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Tuesday, May 23, 2006


I feel that when it is for the right reasons and all elements of an issue are known, boycott and divestment from a specific organization, country, etc is a way for the "average Joe" to fight against a perceived injustice. When it comes to the Israeli-Arab Conflict, I don't see how any of these rules are being followed. Both sides aren't being taken into consideration, and all issues surrounding the matter are, either, not understood or taken into consideration. Finally, the consideration of the consequences and possible outcomes of these moves are not being analyzed or innunciated. One of the clearest and biggest cases of a group/community going forth irresponsibly and recklessly with the concept of Divestment from Israel is the Presbyterian Church in America. Their talk of Divestment from Israel has been discussed, with all its surrounding controversy, for years. Individual communities have already proceeded with Divestment against Israel. Now, as the Church gathers for their biennial assembly, they are discussing whether the Presbyterian Church, as a unified body, should Divest from Israel. This is in great contrast, of course, to the numerous other Christian sects, especially Evengellicals, who are extremely pro-Israel and are against the Presbyterian Church's actions. The Jewish community has been building a relationship with the numerous Christian sects for a number of years now, with much success. My father-in-law has been invited numerous times to speak to Christian groups about the Conflict. Creating more controversy is that there are many Presbyterian Churches across the country who do not support Divestment, and disagree with the notion that the head organization of the Church is considering making the decision of Divestment for the entire sect. I know this based on the fact that my father-in-law has spoken with presbyterian groups in the south. The Jewish community is now up in arms at this prospect and are attempting to "gather the troops" in order to prevent this from happening and try to get the Presybyterian Church to actually stop and look at the bigger picture and really comprehend all sides and all the issues.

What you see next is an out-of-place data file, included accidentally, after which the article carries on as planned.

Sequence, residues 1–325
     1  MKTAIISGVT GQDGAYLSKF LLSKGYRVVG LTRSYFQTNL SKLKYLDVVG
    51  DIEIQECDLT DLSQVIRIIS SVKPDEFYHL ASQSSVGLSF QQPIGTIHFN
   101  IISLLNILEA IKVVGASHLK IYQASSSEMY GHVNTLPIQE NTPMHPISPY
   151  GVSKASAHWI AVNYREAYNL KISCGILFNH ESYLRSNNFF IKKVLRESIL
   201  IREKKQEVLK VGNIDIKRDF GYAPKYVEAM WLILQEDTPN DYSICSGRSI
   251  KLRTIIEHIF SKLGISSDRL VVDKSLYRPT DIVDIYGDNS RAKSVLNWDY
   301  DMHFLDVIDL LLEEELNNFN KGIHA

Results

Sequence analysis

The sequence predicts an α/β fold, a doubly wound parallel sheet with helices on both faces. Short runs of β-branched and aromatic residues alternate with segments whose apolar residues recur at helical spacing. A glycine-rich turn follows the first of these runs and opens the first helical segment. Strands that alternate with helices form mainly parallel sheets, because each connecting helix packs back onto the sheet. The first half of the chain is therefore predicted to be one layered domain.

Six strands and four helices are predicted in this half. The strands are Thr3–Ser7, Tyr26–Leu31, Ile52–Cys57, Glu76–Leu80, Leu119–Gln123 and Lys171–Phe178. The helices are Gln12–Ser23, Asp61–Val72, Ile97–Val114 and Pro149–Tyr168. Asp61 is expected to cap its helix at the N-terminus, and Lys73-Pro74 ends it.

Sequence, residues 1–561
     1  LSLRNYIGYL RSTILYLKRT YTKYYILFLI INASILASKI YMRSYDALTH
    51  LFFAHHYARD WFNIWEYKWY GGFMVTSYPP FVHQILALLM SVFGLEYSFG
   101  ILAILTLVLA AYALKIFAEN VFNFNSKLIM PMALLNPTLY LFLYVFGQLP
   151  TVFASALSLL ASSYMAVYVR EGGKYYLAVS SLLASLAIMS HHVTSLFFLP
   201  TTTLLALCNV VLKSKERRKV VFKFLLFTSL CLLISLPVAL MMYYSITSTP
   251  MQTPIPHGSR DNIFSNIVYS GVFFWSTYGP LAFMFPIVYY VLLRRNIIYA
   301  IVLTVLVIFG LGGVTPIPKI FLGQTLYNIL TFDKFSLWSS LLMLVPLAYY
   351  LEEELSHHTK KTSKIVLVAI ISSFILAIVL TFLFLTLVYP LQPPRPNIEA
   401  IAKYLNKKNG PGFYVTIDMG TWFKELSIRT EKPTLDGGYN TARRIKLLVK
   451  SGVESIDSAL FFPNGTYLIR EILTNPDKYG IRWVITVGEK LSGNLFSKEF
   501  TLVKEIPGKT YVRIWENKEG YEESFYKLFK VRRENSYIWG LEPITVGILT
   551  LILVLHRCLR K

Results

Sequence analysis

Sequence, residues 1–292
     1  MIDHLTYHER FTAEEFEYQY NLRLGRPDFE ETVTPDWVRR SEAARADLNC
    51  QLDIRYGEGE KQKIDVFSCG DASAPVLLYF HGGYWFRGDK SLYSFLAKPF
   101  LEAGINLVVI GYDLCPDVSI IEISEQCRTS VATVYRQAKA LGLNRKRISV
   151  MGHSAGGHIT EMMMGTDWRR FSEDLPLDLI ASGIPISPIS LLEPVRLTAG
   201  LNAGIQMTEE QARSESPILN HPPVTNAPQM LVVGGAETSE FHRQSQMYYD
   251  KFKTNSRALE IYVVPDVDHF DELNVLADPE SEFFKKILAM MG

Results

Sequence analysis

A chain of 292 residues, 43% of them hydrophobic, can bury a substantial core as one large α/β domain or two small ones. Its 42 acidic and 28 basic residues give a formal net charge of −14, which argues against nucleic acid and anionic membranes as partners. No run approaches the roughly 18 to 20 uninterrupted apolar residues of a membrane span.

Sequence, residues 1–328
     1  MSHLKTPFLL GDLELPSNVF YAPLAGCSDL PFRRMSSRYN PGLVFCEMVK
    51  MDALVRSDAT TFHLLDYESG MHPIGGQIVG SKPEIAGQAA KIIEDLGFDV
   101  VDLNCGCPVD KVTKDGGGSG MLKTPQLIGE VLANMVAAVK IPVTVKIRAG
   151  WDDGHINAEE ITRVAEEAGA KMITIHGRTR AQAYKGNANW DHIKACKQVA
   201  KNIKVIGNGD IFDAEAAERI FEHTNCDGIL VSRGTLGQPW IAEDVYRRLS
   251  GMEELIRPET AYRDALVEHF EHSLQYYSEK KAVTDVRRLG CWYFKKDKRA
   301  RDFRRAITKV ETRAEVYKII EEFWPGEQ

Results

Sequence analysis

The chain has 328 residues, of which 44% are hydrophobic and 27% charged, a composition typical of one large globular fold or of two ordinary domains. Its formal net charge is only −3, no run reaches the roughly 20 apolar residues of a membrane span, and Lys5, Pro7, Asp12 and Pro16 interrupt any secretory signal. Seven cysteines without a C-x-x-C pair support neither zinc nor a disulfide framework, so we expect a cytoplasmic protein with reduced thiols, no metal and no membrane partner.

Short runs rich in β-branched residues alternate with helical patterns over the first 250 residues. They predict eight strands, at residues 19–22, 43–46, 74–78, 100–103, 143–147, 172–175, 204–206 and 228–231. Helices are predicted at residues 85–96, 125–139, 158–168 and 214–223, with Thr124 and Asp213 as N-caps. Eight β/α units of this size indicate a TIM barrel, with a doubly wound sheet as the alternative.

The Jewish Florida News has recently wrote an excellent article about this very controversial topic. I thought it was a good article and worth reading.
Here's an excerpt:
ATLANTA, May 11 (JTA) - As Presbyterians across America gear up for their biennial assembly next month, the legacy of the last such meeting is still roiling the Jewish community and the church’s own members.

Two years ago, the Presbyterian Church USA passed a resolution calling for “phased, selective divestment in multinational corporations operating in Israel.”

Those who long have followed Jewish-Protestant relations weren’t surprised.

“It was the culmination of decades - not years, but decades - of hostility toward Israel and Zionism, not by the rank-and-file members of these churches, but by some of the leadership,” said Rabbi A. James Rudin, senior interreligious adviser for the American Jewish Committee, where he staffed the interfaith department for 38 years.